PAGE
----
Then my heart felt like it was turning to stone. I stopped dead in my tracks. This was no sheep. I caught a look into his eyes and recognized the kind of gaze that had frightened me those many years ago. This was a wolf, disguising himself as one of my very own. As his eyes caught mine, I felt the same immobilizing fear I thought I would never experience again.
The wolf was taking his time coming toward me enjoying my fright. I was frozen in my steps unable to make a move or a sound. Then I saw the good shepherd come between us. My savior again! He would kill the wolf and the flock would again be safe. To my horror and amazement, the good shepherd did not kill the wolf. In fact, it became obvious he did not intend to kill him. Instead, as the wolf glared at him with teeth bared and ready for attack, the good shepherd transformed in front of us both. My good shepherd became a lamb just like me. He turned his head briefly and gave me a look of deep devotion and compassion, then lay down in between the wolf and me and willingly sacrificed himself to the devouring appetite of the evil wolf. I could not believe my eyes. How could this be?
After the wolf had his pleasure with the meal that was set before him, he seemed to lose interest in the rest of us and walked confidently and triumphantly out of the pasture. He seemed to be satisfied for the moment.
My feelings of devastation were beyond description. My good shepherd was gone. He has given his life in my place. What would I do? What would we do? We had always had the guidance and protection of our good shepherd and now he was gone, having sacrificed himself for me. I didn’t understand. I was so helpless and afraid. What would become of us?
As tears filled my eyes, I laid down in deep despair. Grief overtook me and I could not even contemplate what life would be like without the good shepherd. I knew I was not capable of protecting my little lambs.
As sobs shook my body, I suddenly felt a firm, strong hand on my shoulder. I looked up – the good shepherd! No, it was not the good shepherd that had just given his life for mine, but another shepherd. He wiped my tears and sat on the cool grass and placed my head in his lap. He said, “Grieve no more, little lamb, for the sacrifice you witnessed was not a mistake. I, too, have been the recipient of his redemption. I am one of the under-shepherds the good shepherd has been training for this very day. He told us about his sacrifice and how it would be necessary to satisfy the evil wolf. He said if we all trusted him he would continue to protect us. There are other under-shepherds as well and he commissioned all of us to take care of his lambs. We will all keep in remembrance what he has done for us. I will be here for you and we will remember him and his sacrifice together.” Although I didn’t thoroughly understand, I believed the under-shepherd and knew that the good shepherd was still there, providing and caring for us all.
As the years went on, my family grew. My lambs had lambs of their own. As each little lamb grew old enough to hear the story, I would tell of the good shepherd and how he gave his life for mine. How I loved telling that story. Each time I told it, I couldn’t help but feel tears of gratitude well up in my eyes. Sometimes my lambs would ask if I was crying. I would always say, “Not from sadness, my children, but from the joy of gratitude for the gift we have all received.” I would tell them of his provision for us here now and forever in the future. I watched as my lamb’s lambs played in the security of the green pastures.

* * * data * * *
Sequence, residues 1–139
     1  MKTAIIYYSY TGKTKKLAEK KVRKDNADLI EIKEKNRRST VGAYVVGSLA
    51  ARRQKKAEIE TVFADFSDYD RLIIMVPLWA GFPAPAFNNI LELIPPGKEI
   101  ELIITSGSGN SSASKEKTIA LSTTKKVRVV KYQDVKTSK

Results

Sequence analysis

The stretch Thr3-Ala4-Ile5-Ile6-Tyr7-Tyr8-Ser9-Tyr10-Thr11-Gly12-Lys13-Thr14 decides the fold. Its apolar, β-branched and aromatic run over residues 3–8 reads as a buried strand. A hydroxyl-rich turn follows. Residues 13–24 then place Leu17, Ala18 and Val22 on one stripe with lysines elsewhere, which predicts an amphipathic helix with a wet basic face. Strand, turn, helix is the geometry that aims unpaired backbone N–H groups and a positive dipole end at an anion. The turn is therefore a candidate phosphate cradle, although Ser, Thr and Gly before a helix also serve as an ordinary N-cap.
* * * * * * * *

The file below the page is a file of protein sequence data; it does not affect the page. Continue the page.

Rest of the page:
My pace slowed as I got older, but I followed the under-shepherd each night into the fold where other flocks rested with the other shepherds that the good shepherd had prepared in advance. Now, instead of the good shepherd always taking the watch at the door of the fold, the under-shepherds took turns making sure we were all safe and secure from dangers of the dark.
One beautiful spring day, I was the last of the flock to leave the fold following the under-shepherd to the green pasture. On that particular day, I was drawn back to the very spot where the good shepherd had given his life for mine. I always felt a sense of amazement when I approached that spot. I had never deserved the kind of love my good shepherd showed to me. I had been so disobedient as a little lamb, but he willingly forgave me. What an incredibly unselfish love he had for me and all my kind. I loved the under-shepherd, to be sure, but I missed the physical presence of the good shepherd and longed to see his face once more. Sometimes coming to this spot helped me feel closer to him.
As I settled down on the cool, soft grass, I felt more weary than I had ever felt before. My family was grown, and I had stayed true to my promise to keep them ever mindful of the wonderful gift of life and love we had all received from the sacrifice of my good shepherd. He died that day allowing not only me to live, but all the generations beyond me. I longed to say, “Thank you,” in person. I laid my head down feeling a peaceful sense of contentment and drifted off into my last sleep.
As I opened my eyes, there was no sense of drowsiness. The tiredness was completely gone. I felt like a young lamb again. An inexpressible joy filled my heart. Then I realized I was no longer in the same pasture. This one was different in a way I could not describe. Excitement filled my heart as I became aware of the wonderful surroundings.
There was no sheepfold here, just goodness, mercy and peace. There was not just a stream here but a river of pure water, clear as crystal. Everything around me was light, but there was a light in the middle of the pasture that was brighter than all. My gaze was drawn to that light. I started to run as I recognized a familiar face, the face of my Savior. My sacrificial lamb, the good shepherd, was sitting on a throne. As I reached him, I fell down on my knees and cried out with joy, “Thank you, thank you, thank you.” He said to me with the look of kindness on his face that I remember so well, “You are welcome, little lamb. Welcome home.”
. . . for the Lamb who is in the midst of the throne will shepherd them and lead them to living fountains of waters (Revelation 7:17a).
© Stephanie B. Blake